By Saul Bellow, from a previously unpublished essay written in 1951 and included in There Is Simply Too Much to Think About: Collected Nonfiction, edited by Benjamin Taylor and out next month from Viking. Bellow won the Nobel Prize in Literature in 1976.
The great issue in fiction is the stature of characters. It starts with something like the psalmist’s question, “What is man that thou art mindful of him?” Responses range from “a little lower than the angels” to “a poor, bare, forked animal.” The struggle of the novelist has been to establish a measure, a view of human nature, and usually, though not always, as large a view as belief and imagination can wring from observable facts. The artist tries, Nietzsche once wrote, to exaggerate the value of human personality. This is a secular notion, for on the assumption that God exists a religious writer would deny that such exaggeration was possible. But novelists have been largely secular men in secular, doubting times. If we consider the humanistic art of the Renaissance that Nietzsche probably had in mind, and its near-divine creatures, we can agree with him. It made the human image very great. But even then there were doubts about the unaccommodated poor, bare, forked animal, and since then the value of man has depreciated. We see the doubt in Don Quixote. Are nobility and great virtue delusions? Can there ever be a time when ecstasy will be the daily spirit and men and things be set in diamonds? Cervantes investigates what it means to will the highest and to insist on a superior reality. This contrast of a superior reality with daily fact is the peculiar field of the novel.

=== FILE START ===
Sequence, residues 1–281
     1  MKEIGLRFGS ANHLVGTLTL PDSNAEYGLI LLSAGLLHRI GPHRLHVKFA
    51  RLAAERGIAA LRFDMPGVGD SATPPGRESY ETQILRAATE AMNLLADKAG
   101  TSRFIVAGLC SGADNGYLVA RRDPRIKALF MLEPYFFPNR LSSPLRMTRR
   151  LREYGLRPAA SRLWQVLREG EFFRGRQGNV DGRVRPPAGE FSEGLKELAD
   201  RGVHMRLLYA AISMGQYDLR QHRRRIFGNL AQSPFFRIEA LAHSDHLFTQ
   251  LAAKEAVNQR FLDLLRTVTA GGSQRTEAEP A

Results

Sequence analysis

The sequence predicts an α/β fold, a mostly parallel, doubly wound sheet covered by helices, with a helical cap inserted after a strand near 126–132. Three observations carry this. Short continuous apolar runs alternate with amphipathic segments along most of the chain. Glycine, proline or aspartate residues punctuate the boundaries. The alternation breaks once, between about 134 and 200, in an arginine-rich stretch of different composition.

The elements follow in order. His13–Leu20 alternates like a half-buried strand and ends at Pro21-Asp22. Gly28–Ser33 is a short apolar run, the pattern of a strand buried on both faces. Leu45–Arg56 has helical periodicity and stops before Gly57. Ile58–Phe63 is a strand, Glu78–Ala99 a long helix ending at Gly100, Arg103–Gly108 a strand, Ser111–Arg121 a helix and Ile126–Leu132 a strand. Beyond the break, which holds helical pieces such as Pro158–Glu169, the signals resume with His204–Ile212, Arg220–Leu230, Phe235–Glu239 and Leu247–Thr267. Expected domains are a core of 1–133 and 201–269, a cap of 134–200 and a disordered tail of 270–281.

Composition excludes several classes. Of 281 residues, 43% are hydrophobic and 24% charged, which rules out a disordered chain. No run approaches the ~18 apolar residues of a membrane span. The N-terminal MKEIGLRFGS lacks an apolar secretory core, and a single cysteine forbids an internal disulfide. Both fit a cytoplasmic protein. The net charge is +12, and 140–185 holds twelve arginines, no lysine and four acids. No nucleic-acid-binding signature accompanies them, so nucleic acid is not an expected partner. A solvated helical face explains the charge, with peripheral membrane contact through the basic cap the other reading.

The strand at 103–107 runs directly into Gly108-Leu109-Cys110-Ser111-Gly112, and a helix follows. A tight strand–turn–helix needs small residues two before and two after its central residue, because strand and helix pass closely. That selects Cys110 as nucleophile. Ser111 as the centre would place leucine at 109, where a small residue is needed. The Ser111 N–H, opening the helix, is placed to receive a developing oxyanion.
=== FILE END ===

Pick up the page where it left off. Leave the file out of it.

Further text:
In the nineteenth century, heroes appear as revolutionaries, great natures, born aristocrats, but the original humanistic doubt has made terrible progress. The great Russian novelists insisted on the Christian measure; even so, Dostoevsky created the antihero of Notes from Underground as well as Prince Myshkin and Alyosha Karamazov. As the external social fact grows larger, more powerful, and more tyrannical, man appears in the novel reduced in will, strength, freedom, and scope — until, in Flaubert’s Sentimental Education, the hero is not even an antihero like Dostoevsky’s, made great by reason of his ressentiment, but merely a man of no importance, a ridiculous social creature. And if man is of no importance, how is the novel — how, for that matter, is any human activity — justified?
Now we have an anarchy of views in a “free” field. At one end Céline, denunciatory, and at the other someone like Bernanos, asserting, but unable to prove concretely, that there are saints still. As for American writers, a good many of them hold before us a decent but exceedingly limited ideal: forbearing, stoical, but of no great capacity, not very passionate, not very strong in thought. This hero is rather abstract, exhibits collective rather than personal traits (I am thinking now of a Steinbeck hero), and shows what is wanted more than what is seen, heard, known. It is almost as though many American writers felt that to confront actuality might be dangerous to our social sympathies, and they do not let the facts gather freely about their superior reality, such as it is.
Many writers have sought justification in the art of writing itself, following Flaubert. For him experience pressed hard against a heroic conception of literature that he felt bound to try to save. Henry James, in his criticism of Flaubert, ideally states the problem for all modern writers. Is one obliged to treat what James calls the “middling” as Flaubert, angry and disappointed, treats it? Because Flaubert, hating common life, displaced his enormous energy from subject matter to style. If literature was a heroic enterprise, it had to be so in spite of the degeneration of life. Flaubert’s aim was an aesthetic one: the creation of beauty as a reply to the punishment and pain of degraded existence. Thus for him, and for those who followed him, mastery over language comes to represent mastery over human difficulties, and method in fiction is a symbolic triumph of sense, order, and harmony over them. In this way, value is supposed to be kept.